China’s decision to control the export of two key metals showed it has some power to retaliate against moves by the U.S., Japan and Europe to cut Beijing off from advanced technology. But it also risks backfiring.

The new export licensing system unveiled late Monday highlighted China’s dominant position in global production of gallium and germanium, which are used to make chips, electric cars and telecommunications equipment. The announcement — which was made just days before U.S. Treasury Secretary Janet Yellen visits Beijing — appears timed to give China leverage as it pushes the White House to remove export controls that risk hobbling the nation’s development.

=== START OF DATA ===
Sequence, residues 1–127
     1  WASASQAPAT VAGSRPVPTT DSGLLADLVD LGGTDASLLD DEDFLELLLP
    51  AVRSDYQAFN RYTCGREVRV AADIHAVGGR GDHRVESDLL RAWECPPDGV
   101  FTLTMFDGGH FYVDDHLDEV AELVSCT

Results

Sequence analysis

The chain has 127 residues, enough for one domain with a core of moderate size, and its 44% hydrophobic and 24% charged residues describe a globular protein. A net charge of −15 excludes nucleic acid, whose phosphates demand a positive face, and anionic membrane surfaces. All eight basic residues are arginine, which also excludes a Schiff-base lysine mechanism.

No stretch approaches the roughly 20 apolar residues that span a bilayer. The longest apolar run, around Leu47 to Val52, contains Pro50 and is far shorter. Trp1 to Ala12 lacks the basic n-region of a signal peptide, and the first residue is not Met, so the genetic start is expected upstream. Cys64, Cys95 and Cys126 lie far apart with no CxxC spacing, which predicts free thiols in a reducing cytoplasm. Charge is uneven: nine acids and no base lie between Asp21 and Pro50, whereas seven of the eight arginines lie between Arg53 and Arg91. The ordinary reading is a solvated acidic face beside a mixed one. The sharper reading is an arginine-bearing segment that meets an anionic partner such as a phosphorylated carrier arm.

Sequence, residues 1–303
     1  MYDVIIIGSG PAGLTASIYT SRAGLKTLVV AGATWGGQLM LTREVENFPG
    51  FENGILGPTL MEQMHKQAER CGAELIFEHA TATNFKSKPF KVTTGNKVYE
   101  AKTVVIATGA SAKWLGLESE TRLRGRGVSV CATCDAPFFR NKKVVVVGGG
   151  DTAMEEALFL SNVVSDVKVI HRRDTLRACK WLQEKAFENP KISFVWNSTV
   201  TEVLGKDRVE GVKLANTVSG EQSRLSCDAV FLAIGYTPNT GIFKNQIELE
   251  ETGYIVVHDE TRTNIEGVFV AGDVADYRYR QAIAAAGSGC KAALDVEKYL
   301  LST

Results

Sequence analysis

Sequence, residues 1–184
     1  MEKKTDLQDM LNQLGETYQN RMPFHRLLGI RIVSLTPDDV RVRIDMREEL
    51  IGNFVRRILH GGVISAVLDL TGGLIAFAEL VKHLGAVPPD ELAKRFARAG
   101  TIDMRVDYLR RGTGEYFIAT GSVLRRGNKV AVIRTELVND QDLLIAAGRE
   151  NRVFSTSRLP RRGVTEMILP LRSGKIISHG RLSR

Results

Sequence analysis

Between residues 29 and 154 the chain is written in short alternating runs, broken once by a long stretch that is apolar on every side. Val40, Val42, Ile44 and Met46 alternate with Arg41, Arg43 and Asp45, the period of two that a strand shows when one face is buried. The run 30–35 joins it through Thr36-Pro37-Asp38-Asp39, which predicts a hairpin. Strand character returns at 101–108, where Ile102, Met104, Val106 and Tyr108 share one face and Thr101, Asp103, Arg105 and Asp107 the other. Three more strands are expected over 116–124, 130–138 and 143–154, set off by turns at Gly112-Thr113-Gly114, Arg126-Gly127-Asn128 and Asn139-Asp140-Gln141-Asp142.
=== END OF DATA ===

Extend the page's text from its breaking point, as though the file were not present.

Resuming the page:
Yet the measure is a double-edged sword, and may simply accelerate efforts by those countries to reduce dependence on the world’s second-biggest economy. If Beijing did at some point use these new rules to restrict shipments and cut supply to other nations, prices would likely rise and make it more economical to boost output in Japan, Canada, the U.S. or elsewhere.